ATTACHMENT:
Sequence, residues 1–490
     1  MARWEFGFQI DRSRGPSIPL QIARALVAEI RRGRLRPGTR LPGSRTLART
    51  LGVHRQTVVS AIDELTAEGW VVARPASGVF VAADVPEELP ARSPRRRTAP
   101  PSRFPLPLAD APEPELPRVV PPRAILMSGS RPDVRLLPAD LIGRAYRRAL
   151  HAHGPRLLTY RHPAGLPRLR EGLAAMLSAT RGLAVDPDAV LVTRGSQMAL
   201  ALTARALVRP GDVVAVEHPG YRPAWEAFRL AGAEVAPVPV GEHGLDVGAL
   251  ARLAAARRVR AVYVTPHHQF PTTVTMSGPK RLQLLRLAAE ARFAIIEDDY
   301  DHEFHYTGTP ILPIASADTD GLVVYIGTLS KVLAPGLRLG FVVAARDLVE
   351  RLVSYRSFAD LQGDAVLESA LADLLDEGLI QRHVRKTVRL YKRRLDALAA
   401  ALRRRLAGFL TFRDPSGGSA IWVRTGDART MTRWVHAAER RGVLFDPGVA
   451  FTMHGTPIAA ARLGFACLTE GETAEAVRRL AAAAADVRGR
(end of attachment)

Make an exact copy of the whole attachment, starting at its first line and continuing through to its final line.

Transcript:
Sequence, residues 1–490
     1  MARWEFGFQI DRSRGPSIPL QIARALVAEI RRGRLRPGTR LPGSRTLART
    51  LGVHRQTVVS AIDELTAEGW VVARPASGVF VAADVPEELP ARSPRRRTAP
   101  PSRFPLPLAD APEPELPRVV PPRAILMSGS RPDVRLLPAD LIGRAYRRAL
   151  HAHGPRLLTY RHPAGLPRLR EGLAAMLSAT RGLAVDPDAV LVTRGSQMAL
   201  ALTARALVRP GDVVAVEHPG YRPAWEAFRL AGAEVAPVPV GEHGLDVGAL
   251  ARLAAARRVR AVYVTPHHQF PTTVTMSGPK RLQLLRLAAE ARFAIIEDDY
   301  DHEFHYTGTP ILPIASADTD GLVVYIGTLS KVLAPGLRLG FVVAARDLVE
   351  RLVSYRSFAD LQGDAVLESA LADLLDEGLI QRHVRKTVRL YKRRLDALAA
   401  ALRRRLAGFL TFRDPSGGSA IWVRTGDART MTRWVHAAER RGVLFDPGVA
   451  FTMHGTPIAA ARLGFACLTE GETAEAVRRL AAAAADVRGR